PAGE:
They can get you many different ways, but here are three they detailed on their blog, all which start with the downloading of the file (disguised as a jpeg). Running the file results in csts.exe being created in your system32 Folder:

1) Running the file results in csts.exe being created in your system32 Folder. At this point, you may well be part of a Botnet (though not in all cases) and the infection has the potential to call down new files onto your PC, which are randomly selected from the numerous files waiting in “storage” that have been spread around the Net.

2) The infection has the potential to call numerous other files, such as files with fixed, unchanging names and randomly named executables which are constantly being updated. Depending on what files you end up with, the infection may create an unwanted service named RPCDB, opens up smtp port 25 (mail) and attempts to connect to a file upload site. In addition, some files attempt to exploit ADS (alternate data streams).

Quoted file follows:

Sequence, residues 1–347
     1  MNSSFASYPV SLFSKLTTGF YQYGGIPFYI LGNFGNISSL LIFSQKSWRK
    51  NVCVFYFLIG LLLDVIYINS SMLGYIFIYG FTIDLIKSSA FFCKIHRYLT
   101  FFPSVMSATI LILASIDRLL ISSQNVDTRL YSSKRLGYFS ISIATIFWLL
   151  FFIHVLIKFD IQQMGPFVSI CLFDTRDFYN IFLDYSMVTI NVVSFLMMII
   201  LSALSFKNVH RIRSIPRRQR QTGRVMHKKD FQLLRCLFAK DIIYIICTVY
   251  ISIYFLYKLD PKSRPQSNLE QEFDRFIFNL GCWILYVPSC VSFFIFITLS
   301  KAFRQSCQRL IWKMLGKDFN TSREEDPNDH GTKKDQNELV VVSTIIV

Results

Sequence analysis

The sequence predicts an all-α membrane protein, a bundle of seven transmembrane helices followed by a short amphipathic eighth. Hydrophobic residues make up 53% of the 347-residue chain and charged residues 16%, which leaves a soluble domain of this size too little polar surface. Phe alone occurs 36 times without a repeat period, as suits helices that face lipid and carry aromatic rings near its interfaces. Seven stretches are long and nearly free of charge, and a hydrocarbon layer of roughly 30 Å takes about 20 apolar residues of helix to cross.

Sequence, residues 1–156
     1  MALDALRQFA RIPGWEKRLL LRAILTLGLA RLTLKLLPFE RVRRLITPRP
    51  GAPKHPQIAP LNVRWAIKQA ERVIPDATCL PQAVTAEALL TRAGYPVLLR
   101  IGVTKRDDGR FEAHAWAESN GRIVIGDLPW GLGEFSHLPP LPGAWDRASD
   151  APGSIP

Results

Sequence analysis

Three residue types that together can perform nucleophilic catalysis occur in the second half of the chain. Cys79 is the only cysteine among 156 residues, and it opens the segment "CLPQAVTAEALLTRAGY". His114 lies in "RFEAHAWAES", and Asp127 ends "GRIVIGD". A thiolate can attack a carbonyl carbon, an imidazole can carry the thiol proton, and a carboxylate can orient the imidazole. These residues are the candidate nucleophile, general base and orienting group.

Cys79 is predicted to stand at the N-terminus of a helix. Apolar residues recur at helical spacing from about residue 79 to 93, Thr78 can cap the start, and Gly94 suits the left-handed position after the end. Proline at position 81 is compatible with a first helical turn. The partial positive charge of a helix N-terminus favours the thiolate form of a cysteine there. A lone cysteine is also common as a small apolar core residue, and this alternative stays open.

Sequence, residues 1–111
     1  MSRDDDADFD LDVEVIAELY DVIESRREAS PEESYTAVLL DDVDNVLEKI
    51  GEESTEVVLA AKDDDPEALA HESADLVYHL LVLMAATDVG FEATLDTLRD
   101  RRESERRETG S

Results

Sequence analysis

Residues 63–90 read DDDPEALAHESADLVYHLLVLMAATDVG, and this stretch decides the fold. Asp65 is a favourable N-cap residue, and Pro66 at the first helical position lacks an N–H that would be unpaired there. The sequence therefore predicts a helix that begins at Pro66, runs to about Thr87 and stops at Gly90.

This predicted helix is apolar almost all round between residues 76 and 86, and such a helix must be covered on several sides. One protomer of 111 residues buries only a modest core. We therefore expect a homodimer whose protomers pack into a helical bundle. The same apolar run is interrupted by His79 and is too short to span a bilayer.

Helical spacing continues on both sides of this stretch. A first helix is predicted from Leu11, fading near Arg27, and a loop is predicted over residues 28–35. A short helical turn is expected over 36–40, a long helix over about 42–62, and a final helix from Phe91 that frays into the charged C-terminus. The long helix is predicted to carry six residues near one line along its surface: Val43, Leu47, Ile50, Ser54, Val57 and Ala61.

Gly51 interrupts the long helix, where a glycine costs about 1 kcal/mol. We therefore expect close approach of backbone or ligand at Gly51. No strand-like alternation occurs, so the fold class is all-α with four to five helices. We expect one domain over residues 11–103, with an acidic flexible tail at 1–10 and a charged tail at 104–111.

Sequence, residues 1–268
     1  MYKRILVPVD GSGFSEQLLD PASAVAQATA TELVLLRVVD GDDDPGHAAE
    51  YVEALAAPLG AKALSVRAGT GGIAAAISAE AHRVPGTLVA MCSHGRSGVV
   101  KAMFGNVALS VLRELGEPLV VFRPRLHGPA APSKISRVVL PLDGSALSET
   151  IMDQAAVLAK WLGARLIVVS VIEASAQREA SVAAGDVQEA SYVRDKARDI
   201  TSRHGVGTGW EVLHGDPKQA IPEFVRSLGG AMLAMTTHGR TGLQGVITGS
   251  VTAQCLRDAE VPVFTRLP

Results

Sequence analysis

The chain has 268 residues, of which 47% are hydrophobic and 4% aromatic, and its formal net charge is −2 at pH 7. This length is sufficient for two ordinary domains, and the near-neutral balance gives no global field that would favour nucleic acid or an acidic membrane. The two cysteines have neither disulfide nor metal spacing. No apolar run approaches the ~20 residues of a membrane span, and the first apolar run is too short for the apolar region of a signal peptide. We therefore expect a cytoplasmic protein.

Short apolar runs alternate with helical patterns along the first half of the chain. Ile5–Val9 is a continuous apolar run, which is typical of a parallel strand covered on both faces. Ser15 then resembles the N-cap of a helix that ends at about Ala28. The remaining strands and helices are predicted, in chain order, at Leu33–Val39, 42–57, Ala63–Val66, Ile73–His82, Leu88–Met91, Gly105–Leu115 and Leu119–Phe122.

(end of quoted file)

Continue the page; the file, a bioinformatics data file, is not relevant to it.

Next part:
3) The infection has the potential to call numerous other files, such as d227_seven2.exe and randomly named executables which are constantly being updated. Depending on what files you end up with, the infection may create an unwanted service named RPCDB, opens up smtp port 25 (mail) and attempts to connect to a file upload site. In addition, some files attempt to exploit ADS (alternate data streams). You will also potentially end up with a Rootkit on your PC as a result of this particular scenario.

At this point, the infected PC is a Botnet drone and can be commanded to send new infection messages via AIM such as:

“hey is it alright if i put this picture of you on my egallery album? “, which will download the file (again, disguised as a jpeg).

At this point, the cycle begins again and they can look to infect fresh victims with this exploit.

X-Cleaner will remove w32.pipeline from your computer.

read more | digg story

I also blogged about this at

Be the first to comment - What do you think?  Posted by Jimmy Daniels - September 18, 2006 at 12:15 pm

Categories: Botnets, Security, Spyware Info   Tags: , ,

Dumador Turns PCs to Zombies

Muwahahaha. Sorry couldn’t resist. Hackers are trying to infect pcs by sending cell phone text messages to lure people to a malicious website.